Living with disability

Individuals with disabilities make up the largest minority in the United States, but misconceptions about their lives still exist.

Lizzie Ford, a senior psychology student at Ball State University, is the secretary of the Student Government Association, is involved in Sigma Kappa sorority, and was an RA her sophomore year.

For Lizzie, though, daily tasks like getting dressed in the morning take longer and can be difficult because she has cerebral palsy. Lizzie uses a wheelchair, which means she must also
find ramps wherever she goes and needs access to automatic doors—both around campus and for her dorm room. Lizzie’s room is arranged to accommodate her wheelchair, and she has a roll-in shower. A note-taker helps her in each of her classes.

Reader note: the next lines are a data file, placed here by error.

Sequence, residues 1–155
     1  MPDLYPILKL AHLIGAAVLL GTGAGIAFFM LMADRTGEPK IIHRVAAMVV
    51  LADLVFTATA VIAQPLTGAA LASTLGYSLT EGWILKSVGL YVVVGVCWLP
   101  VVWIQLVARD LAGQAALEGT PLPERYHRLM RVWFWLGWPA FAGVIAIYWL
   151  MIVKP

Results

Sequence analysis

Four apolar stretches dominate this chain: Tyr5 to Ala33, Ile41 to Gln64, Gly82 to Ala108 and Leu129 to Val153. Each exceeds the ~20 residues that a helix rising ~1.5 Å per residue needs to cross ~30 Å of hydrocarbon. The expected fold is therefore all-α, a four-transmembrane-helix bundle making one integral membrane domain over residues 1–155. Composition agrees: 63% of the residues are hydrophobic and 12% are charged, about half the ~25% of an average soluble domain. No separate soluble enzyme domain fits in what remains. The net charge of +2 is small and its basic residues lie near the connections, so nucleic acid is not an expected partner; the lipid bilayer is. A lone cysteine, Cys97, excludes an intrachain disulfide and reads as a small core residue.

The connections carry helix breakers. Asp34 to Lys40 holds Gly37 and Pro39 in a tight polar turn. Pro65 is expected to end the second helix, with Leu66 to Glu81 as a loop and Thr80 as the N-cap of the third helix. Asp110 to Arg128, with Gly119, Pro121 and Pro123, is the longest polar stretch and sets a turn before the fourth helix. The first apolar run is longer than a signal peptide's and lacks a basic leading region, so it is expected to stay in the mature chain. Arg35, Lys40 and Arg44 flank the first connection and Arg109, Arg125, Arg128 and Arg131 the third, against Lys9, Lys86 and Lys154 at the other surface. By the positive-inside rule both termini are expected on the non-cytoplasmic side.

Cerebral palsy characterizes a group of disorders that impact movement and muscle control, according to the Cerebral Palsy Alliance Research Foundation. It is caused by damage to the brain during pregnancy or soon after birth.

While the experience is different for every person, people with disabilities face difficulties that many others never have to experience and often do not understand. But Lizzie’s disability doesn’t stop her from participating in the same activities as other college students.

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